The BBC’s series ‘The Seven Ages of Rock’ opened last night with a programme about the music of the second half of the sixties built around the short and explosive career of Jimi Hendrix. Almost everything about it – clothes, music, visual style – was a reminder of the extent to which cultural style is linked to the preferred stimulants of a generation (in this case LSD).
The programme followed others in suggesting that the decade and the music turned sour as drug use damaged people’s behaviour and judgment, nowhere more sharply than at the Rolling Stones’ Altamont concert in December 1969, where the Hell’s Angels hired as security beat a fan to death.* (It also argued that of the 60s bands only the Stones survived that transition into darkness.)
Of course, that generation is now the boomer generation – 60s plus (“If you were really there, you won’t be able to remember it”), but the film maker John Maybury has also suggested (in Nick James, ‘Medium Cool’, Sight and Sound, August 1998) that the visual and musical culture of the late 80s and early 90s was defined by his generation’s experience of Ecstasy. If it’s impossible to imagine psychedelia without LSD, then the same is true of trance, rave, and electro and ecstasy. The ecstasy generation, of course, is now approaching its 40s, or has reached it.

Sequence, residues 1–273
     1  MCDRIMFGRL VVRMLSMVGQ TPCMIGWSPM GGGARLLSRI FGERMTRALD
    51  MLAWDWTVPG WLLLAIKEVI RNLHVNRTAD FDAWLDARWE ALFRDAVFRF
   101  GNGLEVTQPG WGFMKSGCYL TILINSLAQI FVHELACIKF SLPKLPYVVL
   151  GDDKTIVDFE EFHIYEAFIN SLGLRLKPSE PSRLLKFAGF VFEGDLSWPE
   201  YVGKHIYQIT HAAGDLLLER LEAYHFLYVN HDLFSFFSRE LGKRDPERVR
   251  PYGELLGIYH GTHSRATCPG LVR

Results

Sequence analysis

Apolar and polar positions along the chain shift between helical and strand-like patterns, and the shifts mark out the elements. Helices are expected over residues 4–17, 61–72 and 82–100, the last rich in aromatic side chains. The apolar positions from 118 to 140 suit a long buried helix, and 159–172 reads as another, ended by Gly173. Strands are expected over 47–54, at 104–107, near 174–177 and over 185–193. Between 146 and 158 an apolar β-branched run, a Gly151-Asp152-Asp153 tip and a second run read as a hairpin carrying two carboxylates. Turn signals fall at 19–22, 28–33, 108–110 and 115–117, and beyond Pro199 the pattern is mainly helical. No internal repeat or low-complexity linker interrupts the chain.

Which raises a possibly depressing question about what the current relationship might be between stimulants and creativity: many of the widely-used drugs seem most likely to generate suspicion and paranoia (even clinical paranoia). Which may also be an appropriate response to the times.
* The singer Pete Atkin has a memorable lyric about this in his 1974 record The Road of Silk:
That big-mouthed dude in the flash duds Preached fighting in the streets But the crowd of kids held an angel with a knife Who carved himself a slice of another guy's life.
Words by Clive James – yes, that Clive James.